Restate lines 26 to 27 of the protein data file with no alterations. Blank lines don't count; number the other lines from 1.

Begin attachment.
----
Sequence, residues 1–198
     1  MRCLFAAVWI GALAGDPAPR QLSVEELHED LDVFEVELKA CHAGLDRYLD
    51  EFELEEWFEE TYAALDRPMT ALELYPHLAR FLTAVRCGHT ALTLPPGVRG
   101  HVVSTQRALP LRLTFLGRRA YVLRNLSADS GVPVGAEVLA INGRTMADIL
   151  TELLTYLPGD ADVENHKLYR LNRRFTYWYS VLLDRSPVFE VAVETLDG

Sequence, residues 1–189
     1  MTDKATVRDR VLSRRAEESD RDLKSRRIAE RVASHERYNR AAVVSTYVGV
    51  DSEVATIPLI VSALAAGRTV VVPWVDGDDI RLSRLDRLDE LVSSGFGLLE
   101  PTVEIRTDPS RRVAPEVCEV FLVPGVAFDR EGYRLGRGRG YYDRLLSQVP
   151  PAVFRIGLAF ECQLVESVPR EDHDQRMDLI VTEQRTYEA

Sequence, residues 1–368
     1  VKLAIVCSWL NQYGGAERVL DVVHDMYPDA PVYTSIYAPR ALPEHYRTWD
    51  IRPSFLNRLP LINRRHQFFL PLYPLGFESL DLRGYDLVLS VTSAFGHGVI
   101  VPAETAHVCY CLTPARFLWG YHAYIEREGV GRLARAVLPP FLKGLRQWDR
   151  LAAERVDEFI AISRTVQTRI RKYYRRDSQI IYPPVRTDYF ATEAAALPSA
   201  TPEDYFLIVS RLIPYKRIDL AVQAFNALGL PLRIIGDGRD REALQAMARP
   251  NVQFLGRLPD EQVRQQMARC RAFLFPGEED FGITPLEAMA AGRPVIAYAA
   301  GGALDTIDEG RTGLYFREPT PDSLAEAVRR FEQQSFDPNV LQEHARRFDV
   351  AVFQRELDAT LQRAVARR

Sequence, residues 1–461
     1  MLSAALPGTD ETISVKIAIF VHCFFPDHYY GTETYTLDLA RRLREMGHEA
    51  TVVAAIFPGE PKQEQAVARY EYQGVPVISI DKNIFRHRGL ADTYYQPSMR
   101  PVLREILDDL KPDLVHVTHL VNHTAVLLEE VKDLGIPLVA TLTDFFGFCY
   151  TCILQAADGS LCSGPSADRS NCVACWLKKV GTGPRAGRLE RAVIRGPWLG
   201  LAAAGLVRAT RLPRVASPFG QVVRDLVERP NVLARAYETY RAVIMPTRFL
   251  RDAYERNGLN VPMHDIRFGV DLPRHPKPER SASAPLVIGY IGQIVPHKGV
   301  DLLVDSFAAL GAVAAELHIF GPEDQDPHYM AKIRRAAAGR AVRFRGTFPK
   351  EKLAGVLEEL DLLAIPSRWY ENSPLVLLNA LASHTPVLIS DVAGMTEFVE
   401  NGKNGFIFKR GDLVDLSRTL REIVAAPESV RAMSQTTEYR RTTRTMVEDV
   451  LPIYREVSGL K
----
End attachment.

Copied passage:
   251  RDAYERNGLN VPMHDIRFGV DLPRHPKPER SASAPLVIGY IGQIVPHKGV
   301  DLLVDSFAAL GAVAAELHIF GPEDQDPHYM AKIRRAAAGR AVRFRGTFPK